• If the bank does not complete meaningful restitution, OCC staff has the discretion to award no mitigation credit for this factor.
  • If the restitution falls short of complete, but the bank has completed restitution in accordance with a written OCC “no supervisory objection” or has made adequate attempts to locate and pay restitution to all affected customers but was unable to do so through no fault of its own, the OCC staff has the discretion to award full credit.

Second, the revised PPM provides that the OCC may combine a CMP against an institution with injunctive relief, such as business restrictions, pursuant to 12 U.S.C. § 1818(b)(6). In this regard, the OCC could restrict the growth of an institution; require the disposition of any involved loan or asset; rescind agreements or contracts; require the institution to hire qualified officers or employees; and take any other action determined to be appropriate by the agency.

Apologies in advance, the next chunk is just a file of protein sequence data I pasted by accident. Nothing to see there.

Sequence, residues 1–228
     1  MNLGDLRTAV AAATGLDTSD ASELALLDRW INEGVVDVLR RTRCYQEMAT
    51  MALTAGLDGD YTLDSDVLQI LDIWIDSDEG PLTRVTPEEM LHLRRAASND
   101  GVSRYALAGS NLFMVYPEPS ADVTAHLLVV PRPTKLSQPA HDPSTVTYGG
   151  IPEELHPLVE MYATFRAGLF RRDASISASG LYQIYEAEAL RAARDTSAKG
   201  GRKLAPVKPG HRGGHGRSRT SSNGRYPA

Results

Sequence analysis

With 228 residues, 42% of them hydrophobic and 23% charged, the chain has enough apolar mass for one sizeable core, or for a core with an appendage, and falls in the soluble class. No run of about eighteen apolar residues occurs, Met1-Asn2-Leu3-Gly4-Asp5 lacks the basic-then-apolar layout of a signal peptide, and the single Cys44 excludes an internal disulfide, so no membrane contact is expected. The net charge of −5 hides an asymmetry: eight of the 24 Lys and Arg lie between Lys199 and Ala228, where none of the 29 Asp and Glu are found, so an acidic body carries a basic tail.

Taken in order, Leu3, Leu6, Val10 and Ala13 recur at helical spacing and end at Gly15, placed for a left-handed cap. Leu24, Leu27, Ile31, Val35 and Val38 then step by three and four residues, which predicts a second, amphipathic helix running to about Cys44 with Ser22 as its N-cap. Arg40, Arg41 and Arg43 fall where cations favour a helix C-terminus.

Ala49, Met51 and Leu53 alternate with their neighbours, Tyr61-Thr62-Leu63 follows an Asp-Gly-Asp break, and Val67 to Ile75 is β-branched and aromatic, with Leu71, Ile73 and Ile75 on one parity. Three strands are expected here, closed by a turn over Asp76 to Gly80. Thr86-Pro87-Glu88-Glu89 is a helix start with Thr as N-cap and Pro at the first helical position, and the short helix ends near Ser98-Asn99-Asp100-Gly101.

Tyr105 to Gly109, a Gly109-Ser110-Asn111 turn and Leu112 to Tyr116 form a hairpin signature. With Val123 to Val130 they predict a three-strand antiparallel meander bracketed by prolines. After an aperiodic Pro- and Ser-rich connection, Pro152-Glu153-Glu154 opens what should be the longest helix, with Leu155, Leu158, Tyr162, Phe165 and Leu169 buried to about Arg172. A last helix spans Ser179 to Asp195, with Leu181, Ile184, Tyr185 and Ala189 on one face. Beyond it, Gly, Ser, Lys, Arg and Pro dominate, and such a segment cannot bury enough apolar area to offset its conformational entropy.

The guidance provides that such coupled relief may be appropriate when, for example, an institution has failed to make effective or sustainable progress on corrective actions despite a prior enforcement action or CMP assessment, or has widespread or systemic deficiencies. The guidance recognizes that the combined impact of the CMP and injunctive relief may be considered when determining the CMP amount.